Katie and Micah in bed on Night 13 in Paranormal Activity
Image via Blumhouse

Paranormal Activity centers around a young couple, Katie and Micah (played by, coincidentally, Katie Featherston and Micah Sloat), who experience and document supernatural disturbances in their home in San Diego. Each night, the occurrences escalate in appearance and danger, leading the couple to fear for their lives and consult a psychic, who informs them that an otherworldly presence—originating from Katie’s childhood—may have latched itself onto Katie. While the sequels turned the Paranormal Activity franchise into some grand dimensional conspiracy, the original grounds the narrative in the conventional and ordinary circumstances and blurs the lines between realism and surrealism. Like The Blair Witch Project, Paranormal Activity plays on unconscious imagination and relies on the simplicity of anticipation, satisfying a viewer’s needs by generating sporadic, minuscule moments of shock value that appear to build towards an ultimate ending, but it falls flat on its face and introduces an even bigger mystery.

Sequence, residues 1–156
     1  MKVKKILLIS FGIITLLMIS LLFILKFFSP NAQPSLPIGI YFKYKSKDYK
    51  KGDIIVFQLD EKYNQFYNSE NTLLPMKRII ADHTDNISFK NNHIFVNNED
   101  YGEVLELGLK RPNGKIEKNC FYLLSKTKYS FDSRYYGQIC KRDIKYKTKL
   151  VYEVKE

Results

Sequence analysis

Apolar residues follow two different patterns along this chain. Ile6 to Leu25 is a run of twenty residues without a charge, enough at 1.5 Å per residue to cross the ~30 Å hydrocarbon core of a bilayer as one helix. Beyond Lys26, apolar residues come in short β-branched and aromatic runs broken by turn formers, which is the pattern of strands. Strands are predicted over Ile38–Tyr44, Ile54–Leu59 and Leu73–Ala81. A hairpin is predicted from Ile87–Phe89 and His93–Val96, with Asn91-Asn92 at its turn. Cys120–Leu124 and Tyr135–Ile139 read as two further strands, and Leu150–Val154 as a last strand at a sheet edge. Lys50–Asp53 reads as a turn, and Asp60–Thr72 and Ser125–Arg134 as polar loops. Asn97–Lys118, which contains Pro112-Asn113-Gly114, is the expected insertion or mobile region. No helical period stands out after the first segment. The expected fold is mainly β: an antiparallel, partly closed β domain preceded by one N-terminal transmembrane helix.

Arguably, Paranormal Activity‘s concept is less effective nowadays because so many other found-footage copycats have expanded on it and exhausted all possibilities. Since the found footage sub-genre has become so predictable, productions that commit to the less-is-more mantra generally reap the rewards more often. By 2007, we had grown accustomed to gore (Saw), jump scares (Black Christmas) and flashy imagery (Darkness Falls), and Paranormal Activity was a breath of fresh air in that regard; it had become rare to see a supernatural horror stripped back to the basics of shooting in one location, minimizing special effects and doing a lot with a little. Audiences are subconsciously on edge because the found footage sub-genre withholds the action long enough to feed off our inherent impatience. Despite being repetitive at times and dragging its feet to progress the narrative, the constant void of silence and grainy ambience creates a sinking feeling that the worst is yet to come. Paranormal Activity is reliant on the audience making themselves uncomfortable.